Better, the monthly subscription is inexpensive and your can cancel as soon as you’ve finished what you want to learn. For example, sign up for a month, learn a piece of software and then cancel until you need to learn something new again.
Anyway, that’s the biggie picture. Hope it helps. — Michael
Alright. It all begins with my utter frustration reading the news. My news diet right now is some combination of being awed by interesting things on the internet, wasting enormous dollops of time on Facebook, being the bookmarking queen of the world but never reading anything I bookmark, adoring print magazines, being unable to afford them, and generally feeling nostalgic for something I’m never going to get back. (Did I ever even have it?)
Mainly, I really dislike the feeling of not knowing enough. And to be honest, I think a lot of young people feel that way. To the point that many of my friends just don’t care about the news, and are happy with some combination of Facebook, Gawker and Jon Stewart. Everything else is sort of on an if-it’s-important-enough-it’ll-find-its-way-to-my-newsfeed-on-Facebook status.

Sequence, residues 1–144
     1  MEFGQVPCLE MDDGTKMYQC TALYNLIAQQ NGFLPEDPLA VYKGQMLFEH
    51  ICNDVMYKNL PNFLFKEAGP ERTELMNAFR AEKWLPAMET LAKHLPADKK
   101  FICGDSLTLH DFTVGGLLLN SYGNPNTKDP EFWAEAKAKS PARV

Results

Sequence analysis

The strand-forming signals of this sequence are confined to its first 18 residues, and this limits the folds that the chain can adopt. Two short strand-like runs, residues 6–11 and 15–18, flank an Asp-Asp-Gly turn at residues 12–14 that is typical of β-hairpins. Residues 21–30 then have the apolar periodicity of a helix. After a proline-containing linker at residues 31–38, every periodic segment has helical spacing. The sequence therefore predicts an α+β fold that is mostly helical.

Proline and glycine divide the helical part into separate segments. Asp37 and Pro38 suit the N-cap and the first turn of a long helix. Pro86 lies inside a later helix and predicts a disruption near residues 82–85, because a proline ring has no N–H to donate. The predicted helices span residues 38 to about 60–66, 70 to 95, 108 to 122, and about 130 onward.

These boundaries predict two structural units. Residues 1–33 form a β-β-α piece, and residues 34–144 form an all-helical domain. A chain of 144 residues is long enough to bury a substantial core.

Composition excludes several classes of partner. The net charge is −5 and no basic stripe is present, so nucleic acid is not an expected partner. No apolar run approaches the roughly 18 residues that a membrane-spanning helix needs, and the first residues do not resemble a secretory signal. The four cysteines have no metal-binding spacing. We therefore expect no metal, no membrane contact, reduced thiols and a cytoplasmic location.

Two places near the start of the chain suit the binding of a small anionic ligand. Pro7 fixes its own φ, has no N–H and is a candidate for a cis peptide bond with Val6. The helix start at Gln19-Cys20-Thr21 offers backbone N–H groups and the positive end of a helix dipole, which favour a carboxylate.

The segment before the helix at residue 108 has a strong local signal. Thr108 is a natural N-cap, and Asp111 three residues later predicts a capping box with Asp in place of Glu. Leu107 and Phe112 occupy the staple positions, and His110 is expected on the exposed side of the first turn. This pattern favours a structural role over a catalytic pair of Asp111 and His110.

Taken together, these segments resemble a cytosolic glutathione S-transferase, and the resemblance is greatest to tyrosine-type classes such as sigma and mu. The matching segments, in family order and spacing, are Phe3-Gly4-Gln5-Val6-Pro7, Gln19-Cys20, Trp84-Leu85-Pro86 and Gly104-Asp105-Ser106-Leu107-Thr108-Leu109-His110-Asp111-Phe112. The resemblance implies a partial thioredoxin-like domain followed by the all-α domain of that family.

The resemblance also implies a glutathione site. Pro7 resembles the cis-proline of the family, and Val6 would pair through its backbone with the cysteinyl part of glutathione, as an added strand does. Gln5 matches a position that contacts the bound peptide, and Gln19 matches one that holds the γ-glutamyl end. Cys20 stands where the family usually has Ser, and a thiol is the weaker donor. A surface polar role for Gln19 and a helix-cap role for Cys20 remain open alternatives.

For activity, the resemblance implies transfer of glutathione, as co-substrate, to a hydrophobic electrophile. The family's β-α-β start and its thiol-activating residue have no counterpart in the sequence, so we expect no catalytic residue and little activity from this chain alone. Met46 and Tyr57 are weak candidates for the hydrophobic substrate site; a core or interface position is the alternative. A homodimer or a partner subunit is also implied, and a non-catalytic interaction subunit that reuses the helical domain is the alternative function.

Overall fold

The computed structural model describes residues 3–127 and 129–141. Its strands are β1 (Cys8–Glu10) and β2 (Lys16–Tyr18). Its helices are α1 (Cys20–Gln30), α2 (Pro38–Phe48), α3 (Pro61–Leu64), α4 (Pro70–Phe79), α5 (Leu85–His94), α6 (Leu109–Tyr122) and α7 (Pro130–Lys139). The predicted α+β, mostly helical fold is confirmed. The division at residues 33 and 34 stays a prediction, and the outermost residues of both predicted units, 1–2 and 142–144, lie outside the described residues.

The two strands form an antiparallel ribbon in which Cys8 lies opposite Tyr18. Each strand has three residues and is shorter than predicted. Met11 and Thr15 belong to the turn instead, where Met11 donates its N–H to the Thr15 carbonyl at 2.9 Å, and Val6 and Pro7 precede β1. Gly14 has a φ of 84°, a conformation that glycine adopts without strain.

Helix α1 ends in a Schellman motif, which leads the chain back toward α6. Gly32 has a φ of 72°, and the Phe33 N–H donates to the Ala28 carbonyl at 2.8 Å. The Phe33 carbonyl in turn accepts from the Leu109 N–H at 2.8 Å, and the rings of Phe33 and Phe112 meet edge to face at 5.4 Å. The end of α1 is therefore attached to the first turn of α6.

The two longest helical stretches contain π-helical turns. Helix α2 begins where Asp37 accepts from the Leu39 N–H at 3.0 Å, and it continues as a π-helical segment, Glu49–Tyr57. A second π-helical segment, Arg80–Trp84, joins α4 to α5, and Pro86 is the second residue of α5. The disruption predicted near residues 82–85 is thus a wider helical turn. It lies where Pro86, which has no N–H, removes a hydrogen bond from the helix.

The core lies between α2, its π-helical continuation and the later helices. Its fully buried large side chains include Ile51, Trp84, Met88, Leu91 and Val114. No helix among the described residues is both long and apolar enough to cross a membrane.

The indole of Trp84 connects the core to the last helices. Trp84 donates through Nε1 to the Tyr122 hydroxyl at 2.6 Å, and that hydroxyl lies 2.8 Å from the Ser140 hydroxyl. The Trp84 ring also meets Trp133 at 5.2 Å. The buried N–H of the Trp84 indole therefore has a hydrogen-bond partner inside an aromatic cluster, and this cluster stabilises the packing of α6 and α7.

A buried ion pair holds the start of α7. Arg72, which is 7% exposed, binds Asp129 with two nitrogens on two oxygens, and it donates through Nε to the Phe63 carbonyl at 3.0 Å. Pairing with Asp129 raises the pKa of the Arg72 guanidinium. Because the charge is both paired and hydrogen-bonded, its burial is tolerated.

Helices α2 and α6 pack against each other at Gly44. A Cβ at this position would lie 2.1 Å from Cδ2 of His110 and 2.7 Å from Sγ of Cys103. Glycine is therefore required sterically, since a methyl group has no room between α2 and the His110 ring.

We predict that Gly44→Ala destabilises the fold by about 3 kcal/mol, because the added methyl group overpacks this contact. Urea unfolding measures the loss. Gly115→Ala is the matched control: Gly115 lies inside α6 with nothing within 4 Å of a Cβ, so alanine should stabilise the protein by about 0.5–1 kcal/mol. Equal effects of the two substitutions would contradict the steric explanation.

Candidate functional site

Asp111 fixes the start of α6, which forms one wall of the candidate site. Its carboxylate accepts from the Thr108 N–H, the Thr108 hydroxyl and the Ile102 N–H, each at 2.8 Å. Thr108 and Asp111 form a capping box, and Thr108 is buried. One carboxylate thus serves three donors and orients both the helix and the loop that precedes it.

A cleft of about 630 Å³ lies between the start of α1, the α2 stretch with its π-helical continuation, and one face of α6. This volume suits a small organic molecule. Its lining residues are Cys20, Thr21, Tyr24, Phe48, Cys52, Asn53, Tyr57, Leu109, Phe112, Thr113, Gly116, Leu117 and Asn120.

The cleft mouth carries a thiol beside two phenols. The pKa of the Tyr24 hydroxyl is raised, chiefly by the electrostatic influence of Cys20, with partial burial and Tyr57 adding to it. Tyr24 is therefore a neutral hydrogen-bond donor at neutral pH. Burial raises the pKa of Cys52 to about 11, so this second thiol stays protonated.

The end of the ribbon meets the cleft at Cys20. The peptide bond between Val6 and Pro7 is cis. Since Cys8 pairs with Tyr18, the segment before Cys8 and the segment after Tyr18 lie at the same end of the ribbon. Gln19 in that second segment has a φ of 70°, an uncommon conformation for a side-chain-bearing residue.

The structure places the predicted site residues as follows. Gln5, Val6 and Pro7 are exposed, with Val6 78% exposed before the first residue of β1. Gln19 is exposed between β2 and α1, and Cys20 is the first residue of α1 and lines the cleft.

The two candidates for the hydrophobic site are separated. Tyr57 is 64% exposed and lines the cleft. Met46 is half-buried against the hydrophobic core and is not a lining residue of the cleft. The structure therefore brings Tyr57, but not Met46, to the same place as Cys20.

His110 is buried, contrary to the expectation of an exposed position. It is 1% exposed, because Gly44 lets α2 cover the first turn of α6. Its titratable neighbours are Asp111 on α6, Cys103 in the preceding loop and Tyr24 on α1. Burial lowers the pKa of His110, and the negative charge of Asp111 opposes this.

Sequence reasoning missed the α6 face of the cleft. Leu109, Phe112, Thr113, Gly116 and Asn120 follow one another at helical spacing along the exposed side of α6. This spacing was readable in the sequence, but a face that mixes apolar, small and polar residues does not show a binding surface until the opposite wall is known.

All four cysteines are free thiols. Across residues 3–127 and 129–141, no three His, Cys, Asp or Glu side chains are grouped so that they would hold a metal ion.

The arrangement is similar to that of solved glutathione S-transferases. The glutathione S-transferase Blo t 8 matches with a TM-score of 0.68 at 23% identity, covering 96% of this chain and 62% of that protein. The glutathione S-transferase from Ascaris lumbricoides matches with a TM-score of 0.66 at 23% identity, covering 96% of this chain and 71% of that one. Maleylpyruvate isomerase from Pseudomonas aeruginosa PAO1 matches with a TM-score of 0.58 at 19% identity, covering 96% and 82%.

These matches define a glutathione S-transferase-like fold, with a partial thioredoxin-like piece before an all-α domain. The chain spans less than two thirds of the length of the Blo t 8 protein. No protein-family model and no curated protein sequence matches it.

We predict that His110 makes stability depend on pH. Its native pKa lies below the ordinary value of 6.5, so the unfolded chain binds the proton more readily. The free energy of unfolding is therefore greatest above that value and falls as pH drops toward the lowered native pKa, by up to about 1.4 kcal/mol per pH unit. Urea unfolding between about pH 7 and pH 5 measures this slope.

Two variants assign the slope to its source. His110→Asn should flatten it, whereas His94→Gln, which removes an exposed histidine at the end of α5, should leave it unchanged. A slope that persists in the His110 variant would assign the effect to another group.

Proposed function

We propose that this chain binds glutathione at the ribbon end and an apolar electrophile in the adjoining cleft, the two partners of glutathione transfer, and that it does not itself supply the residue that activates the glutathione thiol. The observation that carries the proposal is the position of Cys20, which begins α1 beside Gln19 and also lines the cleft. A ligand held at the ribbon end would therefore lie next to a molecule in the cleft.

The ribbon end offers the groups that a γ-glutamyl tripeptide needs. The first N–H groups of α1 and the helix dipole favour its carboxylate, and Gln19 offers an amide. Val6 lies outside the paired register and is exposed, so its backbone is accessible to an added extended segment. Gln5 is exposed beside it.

I have an over-penchance for organization. Sometimes I want to organize the entire internet and have it neatly tabbed out at my fingertips on a web browser and read all the news every day. Instead, I read the Atlantic Wire’s media diet series more than the real news and I wish I could have the discipline or interest that half its contributors do.
So, on this Friday, September 21, I’m starting a blog in order to give myself a break on the lamenting, record how I construct a media diet that’s just right for me, and generally do something consistently, because step 1 of reading well and daily is to engage in the act of “daily,” and thus far, in my great 22 years of life, daily is far from what I do.